Mental Health

Fundraiser To Run, Row And Cycle 705 Miles For Mental Health Charities

A fundraiser is raising money to support mental health charities which help both veterans and civilians.

Rory McAusland is going to run, row, cycle and walk a mile for every person lost to suicide in 2018 in Scotland, for a total of around 705 miles.

Mr McAusland said: "Last year I was struggling quite badly, and that was the reason that I decided to take on the challenge in the first place.

"I probably wouldn't be here if it wasn't for some of the people in my life and for some of the people who looked out for me.

"I am trying to let people know that it is ok, and that you need to be there for each other."

He also launched an online challenge to raise awareness of the risk of suicide among former service personnel.

'Calories for Casualties' sees participants burn 71 calories, the same number of veterans and active military personnel who took their own life in 2018, through any kind of exercise.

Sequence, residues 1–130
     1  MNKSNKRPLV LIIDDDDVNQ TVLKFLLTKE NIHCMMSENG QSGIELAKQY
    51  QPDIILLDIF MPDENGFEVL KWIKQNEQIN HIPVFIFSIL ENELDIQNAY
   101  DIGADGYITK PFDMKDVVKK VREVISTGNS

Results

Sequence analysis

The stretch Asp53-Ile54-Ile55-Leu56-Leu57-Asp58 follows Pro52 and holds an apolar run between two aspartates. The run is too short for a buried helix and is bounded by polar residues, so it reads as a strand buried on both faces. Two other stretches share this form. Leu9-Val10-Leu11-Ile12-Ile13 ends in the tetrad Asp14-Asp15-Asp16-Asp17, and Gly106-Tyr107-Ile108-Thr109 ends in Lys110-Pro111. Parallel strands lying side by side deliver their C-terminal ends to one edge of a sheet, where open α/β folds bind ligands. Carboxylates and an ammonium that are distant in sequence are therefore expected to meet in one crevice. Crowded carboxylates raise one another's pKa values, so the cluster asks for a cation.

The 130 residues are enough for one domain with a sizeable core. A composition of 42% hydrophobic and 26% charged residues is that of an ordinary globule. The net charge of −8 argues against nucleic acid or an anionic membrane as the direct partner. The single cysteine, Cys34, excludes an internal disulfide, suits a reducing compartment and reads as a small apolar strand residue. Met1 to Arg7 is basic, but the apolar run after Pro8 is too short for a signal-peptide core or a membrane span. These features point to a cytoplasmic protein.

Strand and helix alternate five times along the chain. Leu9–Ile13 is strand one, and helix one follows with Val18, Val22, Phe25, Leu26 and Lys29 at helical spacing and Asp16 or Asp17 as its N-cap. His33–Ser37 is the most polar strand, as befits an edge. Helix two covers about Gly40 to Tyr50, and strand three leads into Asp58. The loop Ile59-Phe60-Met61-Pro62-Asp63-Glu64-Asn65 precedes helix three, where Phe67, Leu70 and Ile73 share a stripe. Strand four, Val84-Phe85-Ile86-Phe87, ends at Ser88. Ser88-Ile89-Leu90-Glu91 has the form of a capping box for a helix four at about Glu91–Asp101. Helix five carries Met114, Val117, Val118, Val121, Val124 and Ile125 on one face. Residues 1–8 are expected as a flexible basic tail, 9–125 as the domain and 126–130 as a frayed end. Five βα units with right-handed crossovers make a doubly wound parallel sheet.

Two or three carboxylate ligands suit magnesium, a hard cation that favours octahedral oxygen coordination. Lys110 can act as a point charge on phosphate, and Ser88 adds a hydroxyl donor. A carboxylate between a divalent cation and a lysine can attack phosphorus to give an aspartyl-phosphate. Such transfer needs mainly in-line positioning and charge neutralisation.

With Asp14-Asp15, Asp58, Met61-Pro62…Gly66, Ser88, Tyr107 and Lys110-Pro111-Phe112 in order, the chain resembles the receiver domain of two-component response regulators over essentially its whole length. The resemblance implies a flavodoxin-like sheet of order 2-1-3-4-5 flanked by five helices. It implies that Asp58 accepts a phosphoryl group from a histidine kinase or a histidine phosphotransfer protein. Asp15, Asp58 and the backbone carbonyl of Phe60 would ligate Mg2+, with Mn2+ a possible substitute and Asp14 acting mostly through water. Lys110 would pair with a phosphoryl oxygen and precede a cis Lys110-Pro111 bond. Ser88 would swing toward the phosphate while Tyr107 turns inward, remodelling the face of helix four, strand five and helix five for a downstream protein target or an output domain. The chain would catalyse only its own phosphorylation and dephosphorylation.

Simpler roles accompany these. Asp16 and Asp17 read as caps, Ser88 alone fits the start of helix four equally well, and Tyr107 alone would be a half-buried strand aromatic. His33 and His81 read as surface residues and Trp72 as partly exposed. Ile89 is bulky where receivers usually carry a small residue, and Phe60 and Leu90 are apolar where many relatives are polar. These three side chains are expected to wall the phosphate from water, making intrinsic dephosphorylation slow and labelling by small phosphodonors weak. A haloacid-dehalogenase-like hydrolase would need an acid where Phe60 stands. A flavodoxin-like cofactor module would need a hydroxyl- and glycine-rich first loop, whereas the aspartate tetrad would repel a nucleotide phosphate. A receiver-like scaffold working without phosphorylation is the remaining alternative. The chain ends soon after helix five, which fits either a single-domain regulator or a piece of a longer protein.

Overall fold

They then need to nominate five friends to do the same. 

Many celebrities and service personnel have taken part, including Rick Stevens, a contestant from 'SAS: Are You Tough Enough', Olympian and Army officer Heather Stanning and soldiers from 2 and 5 SCOTS take part.

Mr McAusland has had first-hand experience of the help The Samaritans can offer after dealing with his own mental health issues.

He decided to include Combat Stress in his fundraising after speaking to friends in the Army and finding out how those who have served can struggle.

Rory McAusland fundraises for mental health charities 260319 SOURCE Forces TV
Rory McAusland is aiming to run, row, cycle and walk a mile for every person lost to suicide in 2018 in Scotland, for a total of around 705 miles.

He says the whole concept of having to "man up" is "just rubbish, basically":

"I think the more time we spend talking about what's going on in our head and the more time that we spend being vulnerable, we allow other people to be vulnerable and we can ultimately save and change people's lives."

Mr McAusland has raised more than £3,000 for mental health causes so far, but he hopes to raise more than £40,000.

Helping them reach out and offer the vital support that saves the lives of hundreds every year.

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